Durbin’s comments came after the Army announced an investigation into sexual assault by a noncommissioned officer assigned to the sexual assault prevention office at Fort Hood, Texas.

“Reports of a soldier at Fort Hood, Texas, assigned to prevent and report sexual assaults, being accused of serious sexual misconduct; abuse; and maltreatment of soldiers is reprehensible,” said Durbin, who chairs the Senate Appropriations subcommittee on Defense.

Last week, the Pentagon estimated that there were 26,000 military sexual assault cases in 2012 — a 30 percent increase from 2010.

Immediately after that report, Sens. Patty MurrayPatricia (Patty) Lynn MurrayA bipartisan bridge opens between the House and Senate Overnight Health Care: ObamaCare sign-ups surge in early days Collins, Manchin to serve as No Labels co-chairs MORE (D-Wash.) and Kelly AyotteKelly Ann AyotteTrump voter fraud panel member fights back against critics Dems plan to make gun control an issue in Nevada Stale, misguided, divisive: minimum wage can't win elections MORE (R-N.H.) introduced the Combating Military Sexual Assault Act, which would create a special victims taskforce in the military to help victims through the reporting process, among other things.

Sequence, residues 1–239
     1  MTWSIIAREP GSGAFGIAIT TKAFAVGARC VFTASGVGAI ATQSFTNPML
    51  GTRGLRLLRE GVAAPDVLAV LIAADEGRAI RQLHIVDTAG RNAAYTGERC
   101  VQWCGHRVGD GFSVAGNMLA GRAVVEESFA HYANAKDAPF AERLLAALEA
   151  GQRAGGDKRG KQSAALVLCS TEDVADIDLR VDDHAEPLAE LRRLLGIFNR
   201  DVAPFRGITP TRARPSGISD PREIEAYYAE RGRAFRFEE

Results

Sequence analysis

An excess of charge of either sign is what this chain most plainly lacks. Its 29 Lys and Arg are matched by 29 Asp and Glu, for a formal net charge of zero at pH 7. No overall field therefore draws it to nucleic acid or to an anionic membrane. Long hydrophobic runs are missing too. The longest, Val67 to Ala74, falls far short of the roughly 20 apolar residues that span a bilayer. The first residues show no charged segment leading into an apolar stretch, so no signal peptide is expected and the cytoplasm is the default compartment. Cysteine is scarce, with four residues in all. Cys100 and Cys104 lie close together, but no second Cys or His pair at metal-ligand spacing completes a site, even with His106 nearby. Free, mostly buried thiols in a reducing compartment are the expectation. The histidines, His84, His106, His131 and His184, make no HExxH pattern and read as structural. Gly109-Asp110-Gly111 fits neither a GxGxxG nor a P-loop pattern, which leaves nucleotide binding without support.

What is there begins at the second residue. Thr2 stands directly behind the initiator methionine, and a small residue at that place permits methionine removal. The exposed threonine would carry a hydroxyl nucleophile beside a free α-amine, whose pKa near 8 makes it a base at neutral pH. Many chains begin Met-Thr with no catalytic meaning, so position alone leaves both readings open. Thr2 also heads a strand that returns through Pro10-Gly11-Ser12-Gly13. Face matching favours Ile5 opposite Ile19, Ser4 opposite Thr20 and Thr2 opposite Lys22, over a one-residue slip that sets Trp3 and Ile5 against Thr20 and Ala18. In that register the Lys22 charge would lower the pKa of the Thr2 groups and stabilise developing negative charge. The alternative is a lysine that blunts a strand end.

“It's an astonishing reminder that the Pentagon has both a major problem on its hands and a tremendous amount of work to do to assure victims — who already only report a small fraction of sexual assaults — that they are changing the culture around these heinous crimes,” Murray said after the reports of the Fort Hood incident. “Its also time for Congress to move on legislation like the bipartisan bill that Sen. Ayotte and I introduced last week that gives victims the protections they deserve to seek justice and that gives the Pentagon tools to deal with this growing crisis."

Durbin said he strongly supports S. 871 and hopes it gets a vote in the Senate.